In contrast to all studied bacteria and most archaea, Sulfolobus chromosomes harbour multiple origins of replication. Marker frequency analysis has shown that replication is initiated in near synchrony at the three origins and, due to the uneven spacing of the origins, asynchronously terminated on the circular chromosome [26]. The selective advantage of multiple origins (if any) is not clear: the fact that the origins are unevenly distributed on the chromosome (Figure 1) is, for instance, not in agreement with models in which shortening of the replication time would be the main selective force.
Figure 1

Schematic representation of the S. acidocaldarius (A) and S. solfataricus (B) chromosomes. The ellipses indicate replication origins (positions from [26]).

Here, we performed global gene expression analysis in exponentially and stationary phase cells, and investigated other properties of genome organisation in Sulfolobus. The results demonstrate that the Sulfolobus chromosome is organised in a highly replication-biased manner, such that levels of gene expression, as well as genome sequence-derived parameters, are correlated with distance to nearest replication origin.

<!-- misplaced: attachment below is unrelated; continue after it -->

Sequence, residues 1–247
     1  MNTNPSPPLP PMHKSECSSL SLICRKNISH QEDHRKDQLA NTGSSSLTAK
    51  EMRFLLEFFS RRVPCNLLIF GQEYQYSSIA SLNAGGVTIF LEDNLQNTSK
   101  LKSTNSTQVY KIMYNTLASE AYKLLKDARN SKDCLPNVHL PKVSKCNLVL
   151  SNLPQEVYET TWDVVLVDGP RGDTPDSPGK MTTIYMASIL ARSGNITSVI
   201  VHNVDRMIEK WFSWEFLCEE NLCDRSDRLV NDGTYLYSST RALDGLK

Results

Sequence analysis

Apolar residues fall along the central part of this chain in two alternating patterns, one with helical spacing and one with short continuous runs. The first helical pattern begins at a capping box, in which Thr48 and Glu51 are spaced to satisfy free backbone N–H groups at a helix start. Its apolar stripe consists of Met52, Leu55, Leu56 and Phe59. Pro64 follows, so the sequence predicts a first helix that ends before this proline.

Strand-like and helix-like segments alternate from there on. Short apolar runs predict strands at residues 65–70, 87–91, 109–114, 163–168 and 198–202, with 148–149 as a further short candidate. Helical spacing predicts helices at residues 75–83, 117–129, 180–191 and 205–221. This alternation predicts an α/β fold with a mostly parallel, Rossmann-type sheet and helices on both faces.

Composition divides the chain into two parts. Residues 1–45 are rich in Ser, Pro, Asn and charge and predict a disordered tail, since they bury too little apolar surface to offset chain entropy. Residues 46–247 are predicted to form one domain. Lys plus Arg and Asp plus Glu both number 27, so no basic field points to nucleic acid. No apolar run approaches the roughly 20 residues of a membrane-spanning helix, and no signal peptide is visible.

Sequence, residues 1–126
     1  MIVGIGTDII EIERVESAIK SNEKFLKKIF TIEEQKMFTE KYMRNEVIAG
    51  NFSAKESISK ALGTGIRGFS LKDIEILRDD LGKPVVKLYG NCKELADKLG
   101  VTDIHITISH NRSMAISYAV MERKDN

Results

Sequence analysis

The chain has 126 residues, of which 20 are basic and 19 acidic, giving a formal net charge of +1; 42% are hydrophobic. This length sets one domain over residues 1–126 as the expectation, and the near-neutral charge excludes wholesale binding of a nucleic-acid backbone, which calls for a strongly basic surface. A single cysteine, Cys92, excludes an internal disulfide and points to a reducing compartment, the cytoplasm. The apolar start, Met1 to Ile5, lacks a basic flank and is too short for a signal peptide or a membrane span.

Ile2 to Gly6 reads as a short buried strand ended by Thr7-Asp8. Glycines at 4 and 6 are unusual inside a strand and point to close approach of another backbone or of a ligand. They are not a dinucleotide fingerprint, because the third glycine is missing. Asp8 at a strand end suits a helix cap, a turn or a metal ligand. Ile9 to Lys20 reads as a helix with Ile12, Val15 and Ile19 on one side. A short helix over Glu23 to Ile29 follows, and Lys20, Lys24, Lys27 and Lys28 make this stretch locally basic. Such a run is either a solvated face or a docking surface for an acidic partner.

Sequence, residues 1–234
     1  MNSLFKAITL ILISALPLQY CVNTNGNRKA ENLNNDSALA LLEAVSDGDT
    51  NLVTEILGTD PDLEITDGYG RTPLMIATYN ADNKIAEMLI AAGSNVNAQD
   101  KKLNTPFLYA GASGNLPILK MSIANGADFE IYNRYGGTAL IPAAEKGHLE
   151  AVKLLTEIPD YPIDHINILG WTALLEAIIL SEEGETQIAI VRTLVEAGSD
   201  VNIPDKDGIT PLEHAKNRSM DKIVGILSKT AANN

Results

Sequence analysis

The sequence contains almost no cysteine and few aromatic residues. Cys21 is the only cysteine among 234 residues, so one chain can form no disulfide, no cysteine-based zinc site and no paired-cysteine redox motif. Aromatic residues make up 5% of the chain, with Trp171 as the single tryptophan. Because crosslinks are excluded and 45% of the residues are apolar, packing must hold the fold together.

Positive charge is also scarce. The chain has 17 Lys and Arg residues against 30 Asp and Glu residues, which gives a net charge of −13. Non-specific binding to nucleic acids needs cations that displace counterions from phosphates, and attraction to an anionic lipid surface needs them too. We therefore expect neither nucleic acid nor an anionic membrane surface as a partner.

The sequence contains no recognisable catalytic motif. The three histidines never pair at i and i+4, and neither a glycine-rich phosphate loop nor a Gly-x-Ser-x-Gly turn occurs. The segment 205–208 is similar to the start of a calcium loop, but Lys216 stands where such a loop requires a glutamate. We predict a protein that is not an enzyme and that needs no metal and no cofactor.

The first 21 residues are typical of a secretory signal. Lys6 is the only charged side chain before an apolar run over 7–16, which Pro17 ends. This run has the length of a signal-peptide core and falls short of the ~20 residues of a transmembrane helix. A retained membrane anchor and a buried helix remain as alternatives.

Results

To monitor the distribution of gene expression over the Sulfolobus chromosome, we harvested RNA from Sulfolobus solfataricus and S. acidocaldarius cell cultures in exponential and stationary phase. The RNA was reverse transcribed into cDNA, labelled and hybridised onto spotted whole-genome DNA microarrays [27]. To compensate for differences in array probe concentrations and hybridisation efficiencies, the cDNA was co-hybridised with differentially labelled genomic DNA derived from stationary phase cultures. As stationary phase cells exclusively contain fully replicated chromosomes [21] and all genes, consequently, are present in equal copy number, the cDNA/genomic DNA ratios serve as estimates of relative transcript abundances.